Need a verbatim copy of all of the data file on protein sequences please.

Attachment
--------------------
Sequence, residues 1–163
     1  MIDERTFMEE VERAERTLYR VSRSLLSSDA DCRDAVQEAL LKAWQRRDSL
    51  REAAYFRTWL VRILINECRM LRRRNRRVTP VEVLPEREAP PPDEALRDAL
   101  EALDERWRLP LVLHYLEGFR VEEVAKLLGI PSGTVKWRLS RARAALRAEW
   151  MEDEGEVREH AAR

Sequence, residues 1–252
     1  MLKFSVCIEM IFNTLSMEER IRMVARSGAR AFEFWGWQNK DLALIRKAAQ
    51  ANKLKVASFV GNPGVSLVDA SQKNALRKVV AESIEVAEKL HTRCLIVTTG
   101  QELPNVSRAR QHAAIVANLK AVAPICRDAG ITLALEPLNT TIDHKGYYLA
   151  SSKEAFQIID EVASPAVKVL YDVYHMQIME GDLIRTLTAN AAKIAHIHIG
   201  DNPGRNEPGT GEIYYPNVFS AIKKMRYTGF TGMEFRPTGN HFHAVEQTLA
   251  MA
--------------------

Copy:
Sequence, residues 1–163
     1  MIDERTFMEE VERAERTLYR VSRSLLSSDA DCRDAVQEAL LKAWQRRDSL
    51  REAAYFRTWL VRILINECRM LRRRNRRVTP VEVLPEREAP PPDEALRDAL
   101  EALDERWRLP LVLHYLEGFR VEEVAKLLGI PSGTVKWRLS RARAALRAEW
   151  MEDEGEVREH AAR

Sequence, residues 1–252
     1  MLKFSVCIEM IFNTLSMEER IRMVARSGAR AFEFWGWQNK DLALIRKAAQ
    51  ANKLKVASFV GNPGVSLVDA SQKNALRKVV AESIEVAEKL HTRCLIVTTG
   101  QELPNVSRAR QHAAIVANLK AVAPICRDAG ITLALEPLNT TIDHKGYYLA
   151  SSKEAFQIID EVASPAVKVL YDVYHMQIME GDLIRTLTAN AAKIAHIHIG
   201  DNPGRNEPGT GEIYYPNVFS AIKKMRYTGF TGMEFRPTGN HFHAVEQTLA
   251  MA